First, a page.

12. Phenolics. These chemicals from colorful plants are pigments with a great diversity of chemical structures and names. They are the main dietary antioxidants in foods Americans eat, and so likely contribute to eye health in ways not yet clear from modern research. In goji berries, phenolic concentration is particularly enriched (total phenolics of 1309 mg/100 g), with preliminary evidence that the phenolic well-known in red raspberries – ellagic acid – is also localized in goji fruit (86 mg/100 g) (6).

Although it will take years for modern science to unravel the eye health nutrients in goji berries, we have enough evidence already by knowing that these dozen nutrients are involved in supporting vision and overall health (1,2,5).

Our choice is to involve plant foods containing these nutrients in our diets, whether by using goji berries or other colorful plants foods with similar nutrient characteristics (2,6).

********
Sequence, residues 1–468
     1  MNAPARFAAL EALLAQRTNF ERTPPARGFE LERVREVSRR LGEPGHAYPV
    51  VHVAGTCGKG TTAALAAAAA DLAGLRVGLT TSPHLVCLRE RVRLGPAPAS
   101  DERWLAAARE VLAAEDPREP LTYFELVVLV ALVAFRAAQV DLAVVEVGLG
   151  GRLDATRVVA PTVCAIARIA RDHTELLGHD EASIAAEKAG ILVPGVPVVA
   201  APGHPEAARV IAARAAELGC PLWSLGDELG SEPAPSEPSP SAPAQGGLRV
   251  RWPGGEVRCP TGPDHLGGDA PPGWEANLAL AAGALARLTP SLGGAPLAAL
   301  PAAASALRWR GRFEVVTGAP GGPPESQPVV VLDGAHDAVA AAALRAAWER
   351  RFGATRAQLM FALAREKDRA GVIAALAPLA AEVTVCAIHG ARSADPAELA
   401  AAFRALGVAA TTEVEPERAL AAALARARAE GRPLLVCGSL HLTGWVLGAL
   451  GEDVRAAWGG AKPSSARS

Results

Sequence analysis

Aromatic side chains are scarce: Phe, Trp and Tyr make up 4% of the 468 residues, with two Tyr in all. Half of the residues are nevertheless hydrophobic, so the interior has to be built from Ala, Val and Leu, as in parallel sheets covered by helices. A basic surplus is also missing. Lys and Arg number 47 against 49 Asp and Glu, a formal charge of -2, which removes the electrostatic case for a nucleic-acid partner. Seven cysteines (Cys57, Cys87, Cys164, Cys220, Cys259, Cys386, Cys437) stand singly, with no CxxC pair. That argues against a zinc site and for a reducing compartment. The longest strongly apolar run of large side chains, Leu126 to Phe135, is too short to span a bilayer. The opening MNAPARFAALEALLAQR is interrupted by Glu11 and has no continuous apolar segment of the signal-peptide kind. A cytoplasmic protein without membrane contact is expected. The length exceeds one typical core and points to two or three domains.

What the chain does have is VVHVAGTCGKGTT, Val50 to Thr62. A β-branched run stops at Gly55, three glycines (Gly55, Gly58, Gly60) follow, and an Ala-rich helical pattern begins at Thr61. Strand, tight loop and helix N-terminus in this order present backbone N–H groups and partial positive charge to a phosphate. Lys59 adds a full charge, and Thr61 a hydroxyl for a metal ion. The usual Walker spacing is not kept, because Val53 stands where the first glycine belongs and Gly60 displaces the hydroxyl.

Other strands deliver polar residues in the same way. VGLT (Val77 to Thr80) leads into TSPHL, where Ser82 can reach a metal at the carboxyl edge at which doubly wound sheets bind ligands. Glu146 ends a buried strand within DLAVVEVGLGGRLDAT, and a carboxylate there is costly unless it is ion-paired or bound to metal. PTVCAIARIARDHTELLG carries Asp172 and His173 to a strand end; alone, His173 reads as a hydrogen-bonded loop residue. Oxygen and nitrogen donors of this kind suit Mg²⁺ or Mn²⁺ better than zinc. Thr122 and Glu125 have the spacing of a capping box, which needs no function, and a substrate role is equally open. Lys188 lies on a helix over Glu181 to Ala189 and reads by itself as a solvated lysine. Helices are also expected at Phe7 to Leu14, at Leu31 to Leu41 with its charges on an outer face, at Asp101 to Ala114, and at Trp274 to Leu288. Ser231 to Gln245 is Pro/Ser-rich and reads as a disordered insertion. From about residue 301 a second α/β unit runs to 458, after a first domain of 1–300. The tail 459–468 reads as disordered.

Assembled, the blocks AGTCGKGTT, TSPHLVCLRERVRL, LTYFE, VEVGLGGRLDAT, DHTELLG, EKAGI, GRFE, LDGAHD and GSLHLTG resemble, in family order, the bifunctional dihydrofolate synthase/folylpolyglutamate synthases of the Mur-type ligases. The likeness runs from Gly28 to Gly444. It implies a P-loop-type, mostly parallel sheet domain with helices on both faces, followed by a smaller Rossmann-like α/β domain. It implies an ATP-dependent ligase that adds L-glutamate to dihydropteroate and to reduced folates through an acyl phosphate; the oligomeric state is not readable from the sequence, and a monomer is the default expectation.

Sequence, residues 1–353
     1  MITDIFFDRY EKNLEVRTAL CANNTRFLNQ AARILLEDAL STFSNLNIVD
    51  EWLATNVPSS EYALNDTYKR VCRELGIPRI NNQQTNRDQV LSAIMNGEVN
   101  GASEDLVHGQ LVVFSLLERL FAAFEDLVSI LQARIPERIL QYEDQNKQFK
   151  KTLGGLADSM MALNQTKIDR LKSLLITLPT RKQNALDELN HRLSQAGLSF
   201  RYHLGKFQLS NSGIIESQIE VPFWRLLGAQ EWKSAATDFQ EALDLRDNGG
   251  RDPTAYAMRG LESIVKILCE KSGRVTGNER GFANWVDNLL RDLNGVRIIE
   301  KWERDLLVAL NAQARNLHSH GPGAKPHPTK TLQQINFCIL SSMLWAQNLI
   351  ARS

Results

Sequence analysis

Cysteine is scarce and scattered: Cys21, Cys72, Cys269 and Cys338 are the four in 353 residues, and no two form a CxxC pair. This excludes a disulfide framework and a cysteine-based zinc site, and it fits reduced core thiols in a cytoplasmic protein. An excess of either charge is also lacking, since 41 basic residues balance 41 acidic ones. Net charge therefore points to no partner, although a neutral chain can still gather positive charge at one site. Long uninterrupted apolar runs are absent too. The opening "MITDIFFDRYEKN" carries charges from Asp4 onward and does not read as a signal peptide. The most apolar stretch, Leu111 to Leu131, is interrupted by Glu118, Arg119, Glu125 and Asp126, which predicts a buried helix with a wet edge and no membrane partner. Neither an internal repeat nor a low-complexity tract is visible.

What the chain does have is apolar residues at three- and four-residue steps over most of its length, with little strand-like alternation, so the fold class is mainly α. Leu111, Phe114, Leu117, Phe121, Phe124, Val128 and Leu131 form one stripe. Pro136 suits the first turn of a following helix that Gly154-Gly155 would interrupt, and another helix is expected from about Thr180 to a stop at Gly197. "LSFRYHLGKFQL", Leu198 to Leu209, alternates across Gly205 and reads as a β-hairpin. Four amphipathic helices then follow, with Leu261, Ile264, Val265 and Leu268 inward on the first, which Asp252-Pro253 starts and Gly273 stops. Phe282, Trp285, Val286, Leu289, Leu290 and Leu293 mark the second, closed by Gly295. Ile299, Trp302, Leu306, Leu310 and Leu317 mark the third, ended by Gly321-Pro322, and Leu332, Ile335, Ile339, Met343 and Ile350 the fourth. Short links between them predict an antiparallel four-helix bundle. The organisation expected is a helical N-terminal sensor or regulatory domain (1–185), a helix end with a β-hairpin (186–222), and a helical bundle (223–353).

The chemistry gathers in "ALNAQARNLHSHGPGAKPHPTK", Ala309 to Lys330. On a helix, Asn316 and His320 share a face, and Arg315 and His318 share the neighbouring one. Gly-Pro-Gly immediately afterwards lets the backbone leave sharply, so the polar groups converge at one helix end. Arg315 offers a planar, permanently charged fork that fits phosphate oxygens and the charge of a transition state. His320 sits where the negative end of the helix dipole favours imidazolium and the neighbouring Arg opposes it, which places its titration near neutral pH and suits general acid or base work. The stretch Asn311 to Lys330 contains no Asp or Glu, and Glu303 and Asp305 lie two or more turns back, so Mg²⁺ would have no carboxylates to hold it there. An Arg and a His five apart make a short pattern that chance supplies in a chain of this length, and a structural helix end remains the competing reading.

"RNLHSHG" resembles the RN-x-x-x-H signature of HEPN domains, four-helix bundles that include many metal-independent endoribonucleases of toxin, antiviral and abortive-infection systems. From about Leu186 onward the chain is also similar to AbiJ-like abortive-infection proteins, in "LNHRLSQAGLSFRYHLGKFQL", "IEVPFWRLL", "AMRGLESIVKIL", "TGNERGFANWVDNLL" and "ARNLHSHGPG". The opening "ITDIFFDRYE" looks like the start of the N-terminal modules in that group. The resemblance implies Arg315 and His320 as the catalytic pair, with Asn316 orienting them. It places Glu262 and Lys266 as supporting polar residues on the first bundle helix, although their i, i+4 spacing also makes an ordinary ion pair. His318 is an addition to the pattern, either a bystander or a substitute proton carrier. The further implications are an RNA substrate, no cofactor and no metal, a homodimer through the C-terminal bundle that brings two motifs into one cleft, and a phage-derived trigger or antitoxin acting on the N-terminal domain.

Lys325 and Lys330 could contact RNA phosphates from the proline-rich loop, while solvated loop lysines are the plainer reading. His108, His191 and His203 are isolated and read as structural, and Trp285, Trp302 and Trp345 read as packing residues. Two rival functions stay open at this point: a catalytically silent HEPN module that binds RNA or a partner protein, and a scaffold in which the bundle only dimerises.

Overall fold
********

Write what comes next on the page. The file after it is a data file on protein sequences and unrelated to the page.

1. Age-Related Eye Disease Study Research Group, A randomized, placebo-controlled, clinical trial of high-dose supplementation with vitamins C and E, beta carotene, and zinc for age-related macular degeneration and vision loss. Arch Ophthalmol. 2001 Oct;119(10):1417-36.
2. Bartlett H, Eperjesi F. An ideal ocular nutritional supplement? Ophthalmic Physiol Opt. 2004 Jul;24(4):339-49.
3. Gross PM, Zhang X, Zhang R, Wolfberry: Nature's Bounty of Nutrition and Health, Booksurge Publishing, 2006.
4. Gross PM, Exploring exotic antioxidant superfruits. Nat Prod Insider Oct 16, 2006, p 92-4.
5. Naguib Y, Eye Health Update, Nutraceuticals World, May 2005, 46-55.
6. Young G, Lawrence R, Schreuder M, Discovery of the Ultimate Superfood, Essential Science Publishing, 2005
7. Wolfberry (goji) site, http://wolfberry.org